Are you giving tone deaf advice?
Seek first to understand, before being understood
Perhaps one of the most famous quotes from Stephen Covey’s Seven Habits of Highly Effective People, it makes for a feel good quote that anyone can use to sound wise. However, I have observed the difficulty in applying this principle.
I was recently involved in a conversation where the other party attempted to understand what occurred in a separate event. However, since the other party does not work directly with me, this person proceeded to offer advice on how to get around it. I wish I could go into more detail, but maybe a few years from now I can provide more details.
Essentially, the other party proceeded to explain some things I could do in a similar future situation. To their credit, the person offered some personal examples describing their implementation of said advice in the past. However, if this person worked with me, they would discover that I already practice the advice offered – oftentimes to a significantly higher degree! I was slightly perturbed at the offered advice, seeing it as tone deaf and irrelevant. However, I would be hypocritical if I said that since I am on the receiving end of this situation, that I will not find myself on the other side in the future. So, these tips are for future you, Sam!
Think twice before offering advice
It seems illogical to believe that in a professional environment, advice should not be carelessly offered. Advice is up to the receiver to determine its implementation, right? Advice can be equated with wisdom: “here’s a similar experience I went through and I think you can benefit from it.” While nothing inherently wrong exists with statement, context determines if it is an insult or not. In my particular case, the advice offered was already practiced, and the issue to solve did not relate to the advice given. Before offering advice, despite the best intentions, make sure you have done everything in your power to understand the context of the situation.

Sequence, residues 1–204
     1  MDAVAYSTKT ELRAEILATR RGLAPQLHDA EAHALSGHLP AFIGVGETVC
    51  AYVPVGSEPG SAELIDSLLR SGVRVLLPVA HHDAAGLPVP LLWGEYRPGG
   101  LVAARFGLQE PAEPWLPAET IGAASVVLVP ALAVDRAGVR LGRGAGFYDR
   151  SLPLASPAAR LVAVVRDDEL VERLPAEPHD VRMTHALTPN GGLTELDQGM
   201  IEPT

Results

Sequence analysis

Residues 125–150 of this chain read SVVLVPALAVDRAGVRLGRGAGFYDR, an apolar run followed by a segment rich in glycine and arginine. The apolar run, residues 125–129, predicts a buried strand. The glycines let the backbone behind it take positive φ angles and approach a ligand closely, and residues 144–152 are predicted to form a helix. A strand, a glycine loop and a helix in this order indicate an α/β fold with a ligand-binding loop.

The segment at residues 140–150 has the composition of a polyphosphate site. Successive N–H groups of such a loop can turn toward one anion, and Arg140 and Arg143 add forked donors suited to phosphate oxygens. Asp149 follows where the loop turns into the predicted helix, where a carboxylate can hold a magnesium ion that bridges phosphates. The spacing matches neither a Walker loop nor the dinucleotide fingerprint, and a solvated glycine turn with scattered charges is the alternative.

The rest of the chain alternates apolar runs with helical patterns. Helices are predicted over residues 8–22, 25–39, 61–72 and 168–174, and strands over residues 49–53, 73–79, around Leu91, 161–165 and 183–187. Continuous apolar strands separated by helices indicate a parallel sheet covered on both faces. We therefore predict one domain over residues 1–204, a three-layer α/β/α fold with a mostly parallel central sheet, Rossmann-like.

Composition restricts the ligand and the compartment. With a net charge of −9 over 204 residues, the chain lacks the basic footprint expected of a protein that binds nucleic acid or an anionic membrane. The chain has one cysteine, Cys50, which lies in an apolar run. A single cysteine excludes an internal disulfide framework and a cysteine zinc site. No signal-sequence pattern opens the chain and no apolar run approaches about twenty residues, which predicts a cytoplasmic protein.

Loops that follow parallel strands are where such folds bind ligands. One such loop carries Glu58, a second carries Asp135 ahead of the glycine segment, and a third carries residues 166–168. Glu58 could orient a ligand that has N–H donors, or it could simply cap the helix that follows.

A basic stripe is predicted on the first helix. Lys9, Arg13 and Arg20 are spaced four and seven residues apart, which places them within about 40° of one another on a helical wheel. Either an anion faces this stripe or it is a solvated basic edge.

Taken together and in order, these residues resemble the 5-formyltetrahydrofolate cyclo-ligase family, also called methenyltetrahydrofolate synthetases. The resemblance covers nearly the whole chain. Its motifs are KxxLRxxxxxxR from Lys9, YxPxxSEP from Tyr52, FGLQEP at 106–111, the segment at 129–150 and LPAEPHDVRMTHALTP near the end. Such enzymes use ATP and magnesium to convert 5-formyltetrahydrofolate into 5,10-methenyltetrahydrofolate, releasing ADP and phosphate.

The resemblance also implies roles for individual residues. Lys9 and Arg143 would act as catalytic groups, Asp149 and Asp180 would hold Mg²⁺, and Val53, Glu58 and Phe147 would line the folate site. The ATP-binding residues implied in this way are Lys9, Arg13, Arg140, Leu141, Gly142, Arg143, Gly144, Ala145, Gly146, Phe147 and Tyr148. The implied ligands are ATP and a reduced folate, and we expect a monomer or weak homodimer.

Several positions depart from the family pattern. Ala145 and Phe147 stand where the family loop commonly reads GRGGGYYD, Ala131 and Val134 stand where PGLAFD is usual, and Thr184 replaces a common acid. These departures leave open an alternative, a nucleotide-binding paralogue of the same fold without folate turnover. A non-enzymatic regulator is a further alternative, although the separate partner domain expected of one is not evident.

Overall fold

If you speak first, limit yourself to 3 non-run-on sentences
It would be silly to say, “Step into my office,” then when I arrive it is not clear how this will go down. If you are trying to understand what is going on, initiate the conversation by briefly explaining what you’re trying to do. Ex:
I’m not sure what’s going on, but I’d like to hear you out before drawing any conclusions. Can you share your thoughts on the situation with me first then I’ll explain what I’ve seen?
This sounds cheesy as you read it, but you get the point. The goal is to attain a complete understanding of what occurred. Maybe you already know everything (how would you know that?). But make it clear that the other person is speaking first. After your brief introduction, let the conversation flow.
If you end up speaking first, acknowledge you do not know the entire situation
You get caught up in trying to solve the situation that you do not take the time to think twice, but somewhere in the middle of the conversation, you stop. Now what? It helps if you acknowledge your limitations, or call out the situation. I was showing a coworker why I refactored some of his code before I realized I might be showing him things he already knew but never thought of! I had to catch myself and proceeded to remark that I was unaware of his background. I provided a preliminary apology in case I ended up over explaining something he understood.
As previously mentioned, this post is for future me. We are all prone to offering tone deaf advice at some point in our lives. But the steps we take today to increase understanding will make us better leaders in the future.